Behavioural support (such as brief advice and counselling) and medications (including varenicline, bupropion, and nicotine replacement therapies like patches or gum) help people quit smoking. Many guidelines recommend combining medication and behavioural support to help people stop smoking, but it is unclear if some combinations are more effective than others, or if the combination of medication and behavioural support works better in some settings or groups than in others.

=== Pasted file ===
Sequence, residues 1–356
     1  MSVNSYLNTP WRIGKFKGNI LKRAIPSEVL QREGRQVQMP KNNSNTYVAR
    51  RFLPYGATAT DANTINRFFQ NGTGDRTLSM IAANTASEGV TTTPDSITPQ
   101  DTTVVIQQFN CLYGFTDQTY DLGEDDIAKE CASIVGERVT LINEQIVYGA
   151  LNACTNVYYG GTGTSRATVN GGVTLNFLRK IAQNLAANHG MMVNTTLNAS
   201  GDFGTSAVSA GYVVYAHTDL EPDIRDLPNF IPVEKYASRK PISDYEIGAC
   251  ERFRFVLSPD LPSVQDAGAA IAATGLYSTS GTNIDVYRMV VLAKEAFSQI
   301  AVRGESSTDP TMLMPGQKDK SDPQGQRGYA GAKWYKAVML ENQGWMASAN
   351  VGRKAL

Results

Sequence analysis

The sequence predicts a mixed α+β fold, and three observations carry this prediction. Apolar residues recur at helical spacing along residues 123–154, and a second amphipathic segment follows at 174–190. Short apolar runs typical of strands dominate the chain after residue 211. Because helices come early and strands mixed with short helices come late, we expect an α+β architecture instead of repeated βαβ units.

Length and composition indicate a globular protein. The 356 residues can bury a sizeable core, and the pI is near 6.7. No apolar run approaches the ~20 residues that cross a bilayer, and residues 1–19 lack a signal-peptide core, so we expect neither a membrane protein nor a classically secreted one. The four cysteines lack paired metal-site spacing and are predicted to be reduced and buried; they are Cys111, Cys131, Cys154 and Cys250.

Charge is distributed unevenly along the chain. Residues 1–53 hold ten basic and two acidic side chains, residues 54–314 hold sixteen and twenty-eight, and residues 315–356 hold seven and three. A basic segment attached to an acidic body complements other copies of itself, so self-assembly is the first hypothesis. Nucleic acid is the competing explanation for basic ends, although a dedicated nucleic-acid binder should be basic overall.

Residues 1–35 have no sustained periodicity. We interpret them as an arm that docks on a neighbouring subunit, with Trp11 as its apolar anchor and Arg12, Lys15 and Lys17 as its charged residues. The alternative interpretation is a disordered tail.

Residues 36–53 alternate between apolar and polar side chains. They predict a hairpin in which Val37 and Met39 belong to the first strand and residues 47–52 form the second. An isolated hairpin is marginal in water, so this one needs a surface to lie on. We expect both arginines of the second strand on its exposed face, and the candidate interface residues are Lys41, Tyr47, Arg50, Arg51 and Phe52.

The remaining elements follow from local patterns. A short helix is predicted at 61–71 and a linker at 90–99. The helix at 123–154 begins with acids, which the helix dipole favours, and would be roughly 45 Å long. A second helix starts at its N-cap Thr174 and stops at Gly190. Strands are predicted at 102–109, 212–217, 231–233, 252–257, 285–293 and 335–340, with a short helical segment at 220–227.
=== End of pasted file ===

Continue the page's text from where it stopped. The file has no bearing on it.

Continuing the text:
This review includes 41 studies which compare combinations of behavioural support and medication to help smokers to stop compared to groups receiving usual care or less behavioural support. One large study found a very strong treatment effect; it had an intensive intervention which included extended availability of nicotine gum, multiple group sessions, and long term contact to help maintain abstinence or encourage additional quit attempts Because it was not typical of most treatment programmes, it was not included when we combined the results from the included studies although it shows that such intensive support can be very effective. Based on the remaining 40 studies, we found that using a combination of behavioural support and medication might typically increase the chances of a person successfully quitting smoking by 70 to 100 per cent compared to their chance of success if they just received brief advice or support. There was no clear evidence that providing more contact time increased the effect of the intervention, and there was only weak evidence that studies offering a larger number of behavioural support sessions had larger effects. However, when we only looked at studies where most people used the treatments offered, there was some evidence that intensive support was more effective.